Pennsylvania Governor Tom Corbett attempted to build some good will in the state by filing a lawsuit challenging the NCAA on the sanctions brought on Penn State last summer. Thought to be somewhat doomed from the start by many, Corbett's lawsuit has now been thrown out by a federal judge.
BREAKING:Federal judge throws out lawsuit by Pa. governor against #NCAA over Penn State sanctions.
— AP Top 25 (@AP_Top25) June 6, 2013
The lawsuit was filed in January but it did not take U.S. Middle District Judge Yvette Kane very long to dismiss the case. According to the Associated Press, Kane said she could not "find any factual allegations supporting (Corbett's) allegation of 'concerted action' that might nudge its conspiracy claim into 'plausible' territory."
The case seemed to be built on a shaky foundation to begin with, considering Penn State president Rodney Erickson signed a consent decree accepting whatever penalties were handed to the university by the NCAA following the release of the Freeh Report. The consent decree remains a boiling point for some regarding the actions taken by the NCAA and Penn State's leadership, but it always seemed as though by accepting the punishments in writing, regardless of how it developed, that any case seeking to overturn those sanctions was climbing an uphill battle.
And that may, in fact, be a part of the bigger picture here. Addressing some of the concerns may have been the ultimate goal all along, and the recent lawsuits filed against the NCAA continue to keep those questionable actions in a spotlight to some degree. Judge Kane even remarked that the issues are fair to discuss, just not in her court room.
Per the Associated Press;
"In another forum the complaint's appeal to equity and common sense may win the day, but in the antitrust world these arguments fail to advance the ball," Kane said.
Now the question becomes what the impact of this decision could mean for a similar lawsuit recently filed with the leadership of the family of Joe Paterno. John Infante, or Athletic Scholarships and a noted expert on the rules and laws surrounding the NCAA, recently told College Football Talk the cases are intertwined.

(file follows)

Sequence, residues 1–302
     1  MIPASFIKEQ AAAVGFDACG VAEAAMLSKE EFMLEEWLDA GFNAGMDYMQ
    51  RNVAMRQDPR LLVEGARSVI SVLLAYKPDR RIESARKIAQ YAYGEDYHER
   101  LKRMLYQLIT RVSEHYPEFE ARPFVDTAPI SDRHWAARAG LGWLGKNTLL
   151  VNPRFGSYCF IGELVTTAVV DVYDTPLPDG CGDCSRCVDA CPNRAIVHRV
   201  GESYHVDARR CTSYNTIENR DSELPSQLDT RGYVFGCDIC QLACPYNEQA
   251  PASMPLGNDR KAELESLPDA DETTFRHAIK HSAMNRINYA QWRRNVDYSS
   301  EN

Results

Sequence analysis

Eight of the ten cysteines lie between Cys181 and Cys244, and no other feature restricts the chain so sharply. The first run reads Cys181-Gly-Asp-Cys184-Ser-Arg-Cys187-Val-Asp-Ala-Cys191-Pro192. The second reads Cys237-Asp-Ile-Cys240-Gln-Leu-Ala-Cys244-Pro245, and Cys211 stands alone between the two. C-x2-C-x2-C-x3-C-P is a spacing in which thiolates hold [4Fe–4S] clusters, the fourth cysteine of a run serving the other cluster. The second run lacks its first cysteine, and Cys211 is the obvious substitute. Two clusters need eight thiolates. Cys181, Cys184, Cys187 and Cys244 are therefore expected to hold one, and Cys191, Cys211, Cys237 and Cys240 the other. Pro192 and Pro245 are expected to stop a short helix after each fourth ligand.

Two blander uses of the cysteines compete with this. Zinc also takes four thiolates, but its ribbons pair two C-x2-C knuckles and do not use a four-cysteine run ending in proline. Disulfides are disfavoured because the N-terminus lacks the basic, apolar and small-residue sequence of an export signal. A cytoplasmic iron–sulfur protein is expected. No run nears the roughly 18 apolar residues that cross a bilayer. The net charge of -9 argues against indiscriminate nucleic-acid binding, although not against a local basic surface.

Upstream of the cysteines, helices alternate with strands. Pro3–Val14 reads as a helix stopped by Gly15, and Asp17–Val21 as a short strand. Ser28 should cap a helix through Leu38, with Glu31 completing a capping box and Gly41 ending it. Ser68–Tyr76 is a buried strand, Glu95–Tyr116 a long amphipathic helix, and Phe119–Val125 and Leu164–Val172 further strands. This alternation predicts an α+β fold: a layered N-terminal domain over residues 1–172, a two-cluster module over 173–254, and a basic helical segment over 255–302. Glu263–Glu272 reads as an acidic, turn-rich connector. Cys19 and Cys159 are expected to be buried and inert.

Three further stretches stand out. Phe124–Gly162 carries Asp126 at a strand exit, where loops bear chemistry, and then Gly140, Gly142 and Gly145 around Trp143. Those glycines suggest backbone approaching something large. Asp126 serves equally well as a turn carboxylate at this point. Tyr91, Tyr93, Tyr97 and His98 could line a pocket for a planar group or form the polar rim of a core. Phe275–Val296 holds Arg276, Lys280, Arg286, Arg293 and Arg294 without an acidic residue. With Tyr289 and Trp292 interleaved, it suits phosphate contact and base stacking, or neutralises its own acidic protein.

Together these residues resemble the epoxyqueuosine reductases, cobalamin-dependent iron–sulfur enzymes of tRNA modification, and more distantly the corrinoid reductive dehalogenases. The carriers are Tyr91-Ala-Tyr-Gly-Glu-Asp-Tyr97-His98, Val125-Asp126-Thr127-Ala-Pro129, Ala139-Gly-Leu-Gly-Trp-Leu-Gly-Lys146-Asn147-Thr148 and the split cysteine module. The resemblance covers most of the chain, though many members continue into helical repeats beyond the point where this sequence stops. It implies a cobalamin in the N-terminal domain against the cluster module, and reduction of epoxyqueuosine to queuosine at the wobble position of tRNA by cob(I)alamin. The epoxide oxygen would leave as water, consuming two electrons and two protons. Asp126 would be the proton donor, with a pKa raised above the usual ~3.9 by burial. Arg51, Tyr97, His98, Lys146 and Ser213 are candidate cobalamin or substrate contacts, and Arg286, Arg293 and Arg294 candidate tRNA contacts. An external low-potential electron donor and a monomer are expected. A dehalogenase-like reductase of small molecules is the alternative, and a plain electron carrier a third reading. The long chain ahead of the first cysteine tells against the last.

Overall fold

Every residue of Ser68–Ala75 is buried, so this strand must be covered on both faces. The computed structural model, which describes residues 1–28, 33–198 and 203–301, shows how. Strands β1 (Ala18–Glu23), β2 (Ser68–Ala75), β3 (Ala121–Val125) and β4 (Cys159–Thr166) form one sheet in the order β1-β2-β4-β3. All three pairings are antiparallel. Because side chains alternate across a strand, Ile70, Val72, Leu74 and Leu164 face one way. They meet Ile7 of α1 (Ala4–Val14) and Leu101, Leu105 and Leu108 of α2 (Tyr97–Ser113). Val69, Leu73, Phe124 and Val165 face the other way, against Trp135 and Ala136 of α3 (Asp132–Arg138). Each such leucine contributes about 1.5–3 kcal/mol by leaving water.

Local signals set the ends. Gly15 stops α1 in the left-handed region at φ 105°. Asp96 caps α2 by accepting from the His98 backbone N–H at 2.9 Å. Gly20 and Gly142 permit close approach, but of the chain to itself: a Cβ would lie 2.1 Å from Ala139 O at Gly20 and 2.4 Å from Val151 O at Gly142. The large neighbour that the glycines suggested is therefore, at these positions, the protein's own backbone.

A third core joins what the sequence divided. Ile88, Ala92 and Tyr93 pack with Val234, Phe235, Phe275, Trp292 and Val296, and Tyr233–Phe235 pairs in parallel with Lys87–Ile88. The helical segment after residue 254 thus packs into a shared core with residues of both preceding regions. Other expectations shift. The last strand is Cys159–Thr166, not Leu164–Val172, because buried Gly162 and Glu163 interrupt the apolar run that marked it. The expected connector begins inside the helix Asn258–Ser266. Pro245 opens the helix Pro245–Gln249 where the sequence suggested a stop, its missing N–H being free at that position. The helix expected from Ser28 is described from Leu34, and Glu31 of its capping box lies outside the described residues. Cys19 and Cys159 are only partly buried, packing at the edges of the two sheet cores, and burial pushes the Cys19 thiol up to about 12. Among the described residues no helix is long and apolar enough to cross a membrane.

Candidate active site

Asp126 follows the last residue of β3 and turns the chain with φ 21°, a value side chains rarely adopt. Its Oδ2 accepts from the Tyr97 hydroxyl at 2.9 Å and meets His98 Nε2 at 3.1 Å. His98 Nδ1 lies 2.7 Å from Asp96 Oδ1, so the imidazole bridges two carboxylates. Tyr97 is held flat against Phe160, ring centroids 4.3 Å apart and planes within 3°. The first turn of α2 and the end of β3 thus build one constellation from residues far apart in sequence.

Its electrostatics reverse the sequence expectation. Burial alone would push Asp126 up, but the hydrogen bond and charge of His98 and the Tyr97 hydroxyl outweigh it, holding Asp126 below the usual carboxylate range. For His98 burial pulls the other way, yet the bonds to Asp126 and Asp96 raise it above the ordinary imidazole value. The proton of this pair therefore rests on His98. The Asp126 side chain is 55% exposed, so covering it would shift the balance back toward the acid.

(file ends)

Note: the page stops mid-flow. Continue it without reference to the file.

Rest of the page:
According to Infante, per College Football Talk;
Certainly, they’re intertwined in that they’re both talking about the same theories, same legal questions. Obviously, if Corbett were to win or lose decisively one way or the other, it would have a big impact on the chances of success of the claims the Paternos are making. And since [the Paternos are] talking about reducing the sanctions — and that’s also a big focus of Corbett’s lawsuit — if the NCAA lost and the sanctions are reduced in that case, or if the NCAA came to some sort of settlement with Pennsylvania, then you remove some of the things the Paternos are asking for in their own lawsuit.
So they are tied together, but there’s enough difference that you wouldn’t combine these two cases into one big case and you wouldn’t necessarily say if Corbett wins or loses then the entire Paterno case is essentially decided for them.
As it relates to Penn State, for now, nothing has changed. Penn State is about to enter the second full year of NCAA sanctions, with three years of a postseason ban and scholarship reductions still to play through. A settlement of some sort resulting in at least a partial restoration of scholarships may eventually be a best-case scenario for Penn State, but even that may be a stretch.
Kevin McGuire is the host of the No 2-Minute Warning podcast. Follow him on Twitter, Google+ and Facebook.
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